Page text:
The French labour ministry is thrashing out the details of a new set of labour laws, one of which could give professionals in France the “right to disconnect” when outside official hours.
Labour Minister Myriam El Khomri is due to present her package of labour reforms in the coming weeks.
While most of the measures are aimed at freeing up the notoriously rigid French labour market, she is also concerned about making sure French workers remain adequately protected.
According to reports in France she will include a proposal to give employees protection under law so they can turn a blind eye to work emails without feeling guilty when they are at home or on holiday.
The idea apparently originated in a report by the director general of mobile giant Orange, Bruno Mettling.
While a minority of companies already have protections in place to prevent employees responding to emails once they are at home, Mettling wants it written into law.
“There are risks that need to be anticipated and one of the biggest risks is the balance of a private life and professional life behind this permanent connectivity,” the Orange chief told Europe1 radio.
And Mettling thinks it would be good for everyone – both workers and their companies.
“Professionals who find the right balance between private and work life perform far better in their job than those who arrive shattered,” he said.
And Mettling’s words will strike a chord with many of the 3.2 million French workers who are apparently at risk of burning out, according to a study by Technologia, a French firm which looks at ways to reduce risks to workers.
“France’s appearance from the outside can be a bit simplified,” Technologia's head Jean-Claude Delgenes told The Local. “There is a lot of overtime. Most workers don’t adhere strictly to the 35-hour work week.”
Instead, they are staying late, doing more and working remotely because the economic crisis has them in fear of losing their jobs, he says. France is seeing a record unemployment rate but at the same time email and smart phones allow people to work any time, any place.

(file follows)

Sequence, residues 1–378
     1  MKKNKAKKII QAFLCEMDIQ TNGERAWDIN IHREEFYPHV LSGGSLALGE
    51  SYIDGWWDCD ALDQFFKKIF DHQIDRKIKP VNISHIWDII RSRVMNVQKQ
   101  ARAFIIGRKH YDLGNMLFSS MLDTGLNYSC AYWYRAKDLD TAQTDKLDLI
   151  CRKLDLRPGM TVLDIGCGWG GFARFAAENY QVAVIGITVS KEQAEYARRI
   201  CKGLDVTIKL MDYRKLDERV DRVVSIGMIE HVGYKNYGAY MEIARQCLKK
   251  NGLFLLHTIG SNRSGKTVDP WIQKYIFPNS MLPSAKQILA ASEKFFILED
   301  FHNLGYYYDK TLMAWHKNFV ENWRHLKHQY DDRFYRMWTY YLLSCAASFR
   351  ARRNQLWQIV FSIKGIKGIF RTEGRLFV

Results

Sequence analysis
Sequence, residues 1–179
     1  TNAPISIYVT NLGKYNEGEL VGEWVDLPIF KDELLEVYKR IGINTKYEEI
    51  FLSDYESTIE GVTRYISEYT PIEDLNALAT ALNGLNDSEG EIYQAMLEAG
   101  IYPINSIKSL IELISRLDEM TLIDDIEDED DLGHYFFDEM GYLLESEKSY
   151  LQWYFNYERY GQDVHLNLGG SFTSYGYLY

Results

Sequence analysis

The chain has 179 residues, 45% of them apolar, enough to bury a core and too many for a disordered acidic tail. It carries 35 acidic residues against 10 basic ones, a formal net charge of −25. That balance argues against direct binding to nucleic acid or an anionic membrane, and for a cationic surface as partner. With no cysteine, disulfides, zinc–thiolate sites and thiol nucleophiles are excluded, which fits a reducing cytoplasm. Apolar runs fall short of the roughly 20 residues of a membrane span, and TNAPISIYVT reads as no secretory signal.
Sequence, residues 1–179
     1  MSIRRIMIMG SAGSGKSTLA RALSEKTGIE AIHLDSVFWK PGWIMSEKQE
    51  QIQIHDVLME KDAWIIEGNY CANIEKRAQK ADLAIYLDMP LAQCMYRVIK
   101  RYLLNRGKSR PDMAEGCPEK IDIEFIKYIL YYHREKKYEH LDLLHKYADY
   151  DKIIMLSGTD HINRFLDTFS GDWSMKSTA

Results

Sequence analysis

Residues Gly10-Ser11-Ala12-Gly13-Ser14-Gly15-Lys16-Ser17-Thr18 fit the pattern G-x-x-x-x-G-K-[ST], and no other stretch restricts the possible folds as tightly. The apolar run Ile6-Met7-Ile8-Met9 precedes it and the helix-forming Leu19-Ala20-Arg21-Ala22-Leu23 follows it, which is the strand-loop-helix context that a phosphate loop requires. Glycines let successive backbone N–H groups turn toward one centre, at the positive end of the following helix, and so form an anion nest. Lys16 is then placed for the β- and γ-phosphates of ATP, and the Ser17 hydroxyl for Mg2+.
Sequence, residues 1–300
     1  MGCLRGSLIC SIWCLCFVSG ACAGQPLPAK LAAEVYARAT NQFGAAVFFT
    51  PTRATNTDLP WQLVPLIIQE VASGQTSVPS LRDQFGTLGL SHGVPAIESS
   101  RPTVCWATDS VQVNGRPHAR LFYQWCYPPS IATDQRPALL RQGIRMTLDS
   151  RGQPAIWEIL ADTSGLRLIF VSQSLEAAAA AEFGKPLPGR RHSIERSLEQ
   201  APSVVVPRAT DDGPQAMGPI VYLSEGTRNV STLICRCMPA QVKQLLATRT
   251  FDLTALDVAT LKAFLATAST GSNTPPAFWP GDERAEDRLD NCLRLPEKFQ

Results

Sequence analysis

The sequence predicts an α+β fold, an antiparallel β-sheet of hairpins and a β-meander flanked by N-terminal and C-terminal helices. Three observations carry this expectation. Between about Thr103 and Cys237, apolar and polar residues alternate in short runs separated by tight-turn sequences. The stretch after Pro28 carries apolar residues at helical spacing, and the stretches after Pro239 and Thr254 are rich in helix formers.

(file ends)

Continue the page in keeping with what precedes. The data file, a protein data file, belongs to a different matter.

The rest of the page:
“We have poor self-control when it comes to new technology,” Delgenes said. “Work spills over into people’s private lives. The difference between work and social life used to be clearly distinct.”
Delgenes backs a reform to give workers a right to disconnect but says it is more important that companies lessen workloads or the risk of burnout could increase.
“We need a change of attitude. If we introduce a right to disconnect but not reduce the workload for those under pressure, managers will just ignore it or find a way of staying connected,” he told The Local.
“We need to stop putting people in a position where they are forced to eat into their personal time to get their job done.”
Technologia discovered that the number of managers in France, known as “cadres” who work at home between the hours of 8pm and midnight shot up from one third to 52 percent in the space of a decade.
And ironically it doesn’t mean they have become more productive.
“When people work too much, they end up working badly. It is counter-productive,” he said and it pushes many people to the edge of burnout,” he said.